See You In September

It’s gone.

It just walked right out.

August is no more. Summer is packing it’s bags and Atumn is moving in. I’m okay with that, though. Fall is my favorite. Warm days. Cool nights. The window open. Me cocooned in blankets. DW freezing because I’ve got all the warmth in my cocoon. Fall is fantastic.

Fall brings baseball post-season, football, and all things pumpkin spice. My Orioles are contesting for a wild card spot. While I’m not all that into pumpkin spice, I could eat my weight in pumpkin pie. Dump a tub of whipped cream on top and I’m in my glory.

September isn’t just for ball games and pumpkins, though. September is also for the return of school days. While challenging, the rewards are phenomenal. Getting the kids to bed when they’re used to to summer schedule bedtimes is like hostage negotiations. If you offer too little they’ll refuse slumber. Offer too much and you won’t be able to keep your end of the bargin. They will remember everything you offer too so don’t even think about sweetening the deal in hopes they’ll forget. It’ll be the first thing they ask for in the morning. If you can’t deliver they’ll never go to bed again. Ever.

Besides bedtime, there is also the joy of back-to-school shopping. I get more than a little giddy when I see aisles and aisles of back-to-school supplies. Brand new pencils with no teeth marks. Markers with all their caps on tight. Paper so crisp and clean waiting for a math problem or an essay or notes on history, science, or passed to friend asking them if they can sit together at lunch. Folders and binders in more colors than a rainbow can offer. There are fresh, clean glue sticks not yet dried out, full of glitter and dirt and half eaten.

I know the back-to-school supply list can seem a bit archaic. It can also get a bit pricey. I’ve seen various parents rant about how expensive it can be. They question the supplies that are asked for. While I can’t speak for all teachers, I can speak for myself and the ones I know. We don’t ask for things we don’t need. But as one mother put it in her rant, “You want a microwave for your classroom, I’ll get you a microwave! Here, I’ll get you a pillow, too!” She was thankful teachers took her kids for the day. Parents seem to be thankful for school to start again because it means their kids aren’t at home driving them to Crazyville, Insanity for what they think is a good time. What they forget is the flip side of the coin. The teacher doesn’t have just their kid. They have 20-30 other kids, too.

If you’re the kind of parent who understands the plight of teachers, slip in a gift card for pumpkin spice latte or a medium large bucket o’coffee with those back-to-school supplies because you’re over the Walmart excited for school be to back. And because it’s not just the kids who are going back to school.

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All Hallows Eve

Today’s tradition has it’s origins roughly 2,000 years ago during the time of Celts who celebrated their New Year on November 1st. The celebration was known as Samhain. Celts believed that on the night before the new year, the boundary between the worlds of the living and the dead became blurred.  They would extinguish their woodstoves, light huge bonfires, and burn crops and animals as sacrifices. They would don costumes and masks – which were often animal heads. After the celebration they would relight their woodstoves from the sacred bonfire to protect them through the dark, cold winter.

By 43 A.D.  the Romans had conquered most of the Celtic territory and began incorporating their own celebrations. They would celebrate the passing of the dead in late October. On May 13, 609 A.D., Pope Boniface IV dedicated the Pantheon in Rome in honor of all Christian martyrs, and the Catholic feast of All Martyrs Day was established in the Western church. Pope Gregory III opened the celebration to honor all saints as well as martyrs and moved it from May 13 to November 1. All Saints Day was also known as All-hallows or All-hallowmas (from Middle English Alholowmesse meaning All Saints’ Day). The night before it, the traditional Celtic celebration, became known as All Hallows Eve. Which is where we get today’s name of Halloween.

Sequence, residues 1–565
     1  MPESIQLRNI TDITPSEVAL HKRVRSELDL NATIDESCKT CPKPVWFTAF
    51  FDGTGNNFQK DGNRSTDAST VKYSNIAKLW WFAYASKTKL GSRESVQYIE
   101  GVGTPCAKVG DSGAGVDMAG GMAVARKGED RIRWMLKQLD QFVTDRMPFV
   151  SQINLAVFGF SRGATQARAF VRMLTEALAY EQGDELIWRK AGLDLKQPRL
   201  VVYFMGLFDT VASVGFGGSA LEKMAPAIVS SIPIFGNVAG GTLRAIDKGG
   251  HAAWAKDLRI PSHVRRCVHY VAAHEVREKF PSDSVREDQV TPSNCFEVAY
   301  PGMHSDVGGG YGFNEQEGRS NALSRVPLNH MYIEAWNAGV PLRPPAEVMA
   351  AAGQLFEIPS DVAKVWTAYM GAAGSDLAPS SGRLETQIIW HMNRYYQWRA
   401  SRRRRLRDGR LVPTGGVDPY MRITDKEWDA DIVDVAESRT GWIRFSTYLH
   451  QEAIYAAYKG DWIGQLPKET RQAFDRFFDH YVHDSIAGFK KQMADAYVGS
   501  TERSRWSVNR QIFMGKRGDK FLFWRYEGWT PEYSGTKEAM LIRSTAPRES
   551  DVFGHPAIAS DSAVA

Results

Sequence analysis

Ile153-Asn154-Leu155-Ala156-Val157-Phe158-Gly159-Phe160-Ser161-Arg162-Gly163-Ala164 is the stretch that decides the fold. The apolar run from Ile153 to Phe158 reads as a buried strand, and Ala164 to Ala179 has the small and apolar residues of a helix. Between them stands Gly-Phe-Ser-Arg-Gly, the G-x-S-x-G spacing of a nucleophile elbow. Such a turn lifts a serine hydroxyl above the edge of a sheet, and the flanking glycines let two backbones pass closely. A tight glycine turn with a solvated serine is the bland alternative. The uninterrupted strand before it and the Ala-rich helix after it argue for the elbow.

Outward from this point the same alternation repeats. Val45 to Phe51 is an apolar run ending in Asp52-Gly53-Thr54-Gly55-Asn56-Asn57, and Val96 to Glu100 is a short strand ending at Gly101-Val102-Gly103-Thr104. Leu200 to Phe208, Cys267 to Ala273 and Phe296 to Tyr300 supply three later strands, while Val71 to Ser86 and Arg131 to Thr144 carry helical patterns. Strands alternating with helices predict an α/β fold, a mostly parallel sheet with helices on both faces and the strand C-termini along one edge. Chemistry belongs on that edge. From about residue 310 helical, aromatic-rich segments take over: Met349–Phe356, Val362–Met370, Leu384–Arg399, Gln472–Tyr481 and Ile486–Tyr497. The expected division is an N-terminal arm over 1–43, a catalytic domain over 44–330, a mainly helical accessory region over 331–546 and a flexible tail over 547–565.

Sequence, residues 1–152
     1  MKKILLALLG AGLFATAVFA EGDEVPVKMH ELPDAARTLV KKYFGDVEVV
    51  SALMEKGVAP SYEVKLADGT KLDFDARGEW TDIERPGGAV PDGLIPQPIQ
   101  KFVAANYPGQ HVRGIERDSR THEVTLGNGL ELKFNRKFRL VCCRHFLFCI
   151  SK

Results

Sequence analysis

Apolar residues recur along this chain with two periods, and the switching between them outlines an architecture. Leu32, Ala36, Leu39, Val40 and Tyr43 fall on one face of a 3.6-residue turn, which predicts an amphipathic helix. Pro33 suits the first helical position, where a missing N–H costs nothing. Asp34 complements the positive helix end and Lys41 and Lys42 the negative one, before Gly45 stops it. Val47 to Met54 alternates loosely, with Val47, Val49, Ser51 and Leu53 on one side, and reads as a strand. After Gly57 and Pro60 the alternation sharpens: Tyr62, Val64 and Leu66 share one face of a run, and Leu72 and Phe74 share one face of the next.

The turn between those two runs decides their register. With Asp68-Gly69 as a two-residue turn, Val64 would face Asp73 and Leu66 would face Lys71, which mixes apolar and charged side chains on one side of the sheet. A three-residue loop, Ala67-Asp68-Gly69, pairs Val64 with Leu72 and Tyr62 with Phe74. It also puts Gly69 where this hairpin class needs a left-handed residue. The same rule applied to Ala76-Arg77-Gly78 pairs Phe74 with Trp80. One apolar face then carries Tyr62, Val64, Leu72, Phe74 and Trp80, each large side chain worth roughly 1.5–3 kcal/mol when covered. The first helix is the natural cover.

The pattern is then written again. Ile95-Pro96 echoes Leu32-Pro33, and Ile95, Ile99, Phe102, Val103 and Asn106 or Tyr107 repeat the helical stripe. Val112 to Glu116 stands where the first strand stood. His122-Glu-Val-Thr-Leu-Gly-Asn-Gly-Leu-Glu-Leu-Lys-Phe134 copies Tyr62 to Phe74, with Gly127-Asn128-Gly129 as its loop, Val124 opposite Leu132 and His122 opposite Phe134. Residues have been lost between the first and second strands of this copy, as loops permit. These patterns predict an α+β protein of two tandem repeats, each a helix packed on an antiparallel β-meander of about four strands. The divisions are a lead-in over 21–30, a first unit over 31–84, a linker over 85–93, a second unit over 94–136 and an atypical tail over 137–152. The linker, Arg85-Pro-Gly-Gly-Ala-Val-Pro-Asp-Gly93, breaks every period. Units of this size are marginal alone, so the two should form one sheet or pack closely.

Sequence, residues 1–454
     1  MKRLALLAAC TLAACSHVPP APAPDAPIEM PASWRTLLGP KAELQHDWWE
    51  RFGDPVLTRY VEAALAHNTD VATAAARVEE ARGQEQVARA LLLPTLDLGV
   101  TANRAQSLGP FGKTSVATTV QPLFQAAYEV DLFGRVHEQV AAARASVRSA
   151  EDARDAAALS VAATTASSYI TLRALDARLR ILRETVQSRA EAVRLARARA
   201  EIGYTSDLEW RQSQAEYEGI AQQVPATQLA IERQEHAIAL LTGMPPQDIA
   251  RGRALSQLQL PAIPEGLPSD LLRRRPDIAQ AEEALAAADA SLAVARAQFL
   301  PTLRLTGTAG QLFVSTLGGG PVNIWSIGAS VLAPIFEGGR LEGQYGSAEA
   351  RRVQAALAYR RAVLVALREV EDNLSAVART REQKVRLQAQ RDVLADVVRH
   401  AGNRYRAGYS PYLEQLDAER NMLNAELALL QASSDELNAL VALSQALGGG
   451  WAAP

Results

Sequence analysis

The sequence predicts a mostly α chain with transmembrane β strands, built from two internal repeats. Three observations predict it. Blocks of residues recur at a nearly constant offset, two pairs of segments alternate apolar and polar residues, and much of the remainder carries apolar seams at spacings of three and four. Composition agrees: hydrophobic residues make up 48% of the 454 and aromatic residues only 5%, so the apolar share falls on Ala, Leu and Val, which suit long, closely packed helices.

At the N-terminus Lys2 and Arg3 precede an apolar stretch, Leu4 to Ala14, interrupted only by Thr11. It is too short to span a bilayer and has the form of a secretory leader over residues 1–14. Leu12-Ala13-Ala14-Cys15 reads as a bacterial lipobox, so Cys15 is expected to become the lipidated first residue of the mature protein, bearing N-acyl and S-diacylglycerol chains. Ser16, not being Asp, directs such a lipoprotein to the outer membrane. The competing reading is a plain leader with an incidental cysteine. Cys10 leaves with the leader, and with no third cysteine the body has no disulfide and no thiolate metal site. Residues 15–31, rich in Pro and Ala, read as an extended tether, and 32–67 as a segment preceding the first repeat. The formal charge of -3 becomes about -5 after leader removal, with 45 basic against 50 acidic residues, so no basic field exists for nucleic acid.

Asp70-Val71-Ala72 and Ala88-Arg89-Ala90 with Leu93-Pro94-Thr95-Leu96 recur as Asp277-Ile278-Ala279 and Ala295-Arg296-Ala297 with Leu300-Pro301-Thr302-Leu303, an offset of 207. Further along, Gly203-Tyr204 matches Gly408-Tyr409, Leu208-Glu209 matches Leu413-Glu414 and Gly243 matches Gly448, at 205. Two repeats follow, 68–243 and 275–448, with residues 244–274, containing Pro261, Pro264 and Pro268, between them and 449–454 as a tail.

Some theorise that Halloween lost its appeal to death and ghosts in Protestant, Colonial New England. As the beliefs and customs of different European ethnic groups, as well as the American Indians meshed, a distinctly American version of Halloween began to emerge. The first celebrations included “play parties,” public events held to celebrate the harvest, where neighbors would share stories of the dead, tell each other’s fortunes, dance and sing.

New immigrants, especially the millions of Irish fleeing Ireland’s potato famine of 1846, helped popularize the celebration of Halloween. Combining Irish and English traditions, Americans began to dress up in costumes and go house to house asking for food or money, a practice that eventually became today’s “trick-or-treat” tradition.

As for the history of the Jack-O-Lantern you can read the story of Stingy Jack (it’s a very short one). It was named after the will-o’-the-wisp or a jack o’lantern that is the phenomenon of strange light seen flickering over peat bogs. People hollowed out pumpkins, turnips, or potatoes to imitate this light. Some believed it warded off the evil spirits associated with the celebrations of this time of year.

Therefore, as tradition proclaims, we have carved our pumpkins (their own designs) and will be trick-or-treating this evening. Thor and Captain America will collect treats and Mom and Dad will invoke the “parent tax” and help them eat it.

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I don’t have a picture of Crash and Bang in their costumes yet, but I do have one of my brother and nephew. It’s a classic.

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The Force is strong with them.